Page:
Discussion


There are no cybersecurity definitions in the bill beyond reference to the terms ‘cybersecurity risks’ and ‘incident’ from §148(a). Those definitions both rely on the definition of ‘information system’ which §148 takes from 44 USC 3502(8). That definition is very IT-centric; “the term ‘information system’ means a discrete set of information resources [emphasis added] organized for the collection, processing, maintenance, use, sharing, dissemination, or disposition of information”. Thus, it could be argued that these cybersecurity requirements do not address control system, security system, or building maintenance system security issues.

In many industries (finance, commercial sales, and healthcare for example) protecting information is the paramount concern when we talk about cybersecurity. In port operations, however, the operational side of the house is probably more significant than is the need to protect just information. Thus, it would behoove Congress to ensure that the language in this bill reflects the importance of operational cybersecurity.

The only place that currently expands the IT-centric definitions of cybersecurity to include operations technology is 6 USC 1501(9). There the definition of ‘information system’ is still based on a reference to §3502, but it was specifically expanded by adding subparagraph (B) “includes industrial control systems, such as supervisory control and data acquisition systems, distributed control systems, and programmable logic controllers”.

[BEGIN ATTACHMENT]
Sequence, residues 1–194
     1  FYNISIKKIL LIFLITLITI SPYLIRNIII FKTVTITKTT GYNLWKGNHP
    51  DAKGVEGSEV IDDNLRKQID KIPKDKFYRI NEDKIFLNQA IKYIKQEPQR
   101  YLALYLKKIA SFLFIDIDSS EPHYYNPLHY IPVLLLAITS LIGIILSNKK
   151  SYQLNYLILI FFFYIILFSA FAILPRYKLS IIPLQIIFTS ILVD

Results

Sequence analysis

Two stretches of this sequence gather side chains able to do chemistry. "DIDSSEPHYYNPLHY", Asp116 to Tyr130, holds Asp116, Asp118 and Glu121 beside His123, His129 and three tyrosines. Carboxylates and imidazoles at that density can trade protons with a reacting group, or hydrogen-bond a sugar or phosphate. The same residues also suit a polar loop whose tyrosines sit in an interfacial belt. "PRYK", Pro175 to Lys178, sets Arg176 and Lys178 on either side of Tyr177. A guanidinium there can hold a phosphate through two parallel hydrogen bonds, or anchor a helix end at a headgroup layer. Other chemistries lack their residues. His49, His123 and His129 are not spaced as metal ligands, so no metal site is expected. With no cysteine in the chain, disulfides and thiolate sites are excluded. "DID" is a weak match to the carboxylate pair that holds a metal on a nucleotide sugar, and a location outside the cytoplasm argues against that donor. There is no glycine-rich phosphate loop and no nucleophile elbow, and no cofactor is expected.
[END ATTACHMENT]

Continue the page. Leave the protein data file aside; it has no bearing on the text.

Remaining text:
The problem is, however, that §1501 does not also include the terms ‘cybersecurity risks’ or ‘incident’. One could use the current reference to §148 for those terms but specify that the term ‘information system’ is based upon §1501. Doing that in both instances where the first two terms are currently used would be very wordy and potentially confusing.

It would probably be better to add a new paragraph to §4 of the bill that provides definitions that would be used in the Port Security chapter of the US Code (46 USC 70101). If I were doing this, I would add the following definitions:

(1) The term ‘information system’ has the meaning given the term in section 3502 of title 44;

(2) The term ‘control system’ means a discrete set of information resources, sensors, communications interfaces and physical devices organized to monitor, control and/or report on physical processes, including manufacturing, transportation, access control, and facility environmental controls;

(3) The term ‘cybersecurity risk’ means:

(A) threats to and vulnerabilities of information, information systems, or control systems and any related consequences caused by or resulting from unauthorized access, use, disclosure, degradation, disruption, modification, or destruction of such information, information systems, or control systems, including such related consequences caused by an act of terrorism; and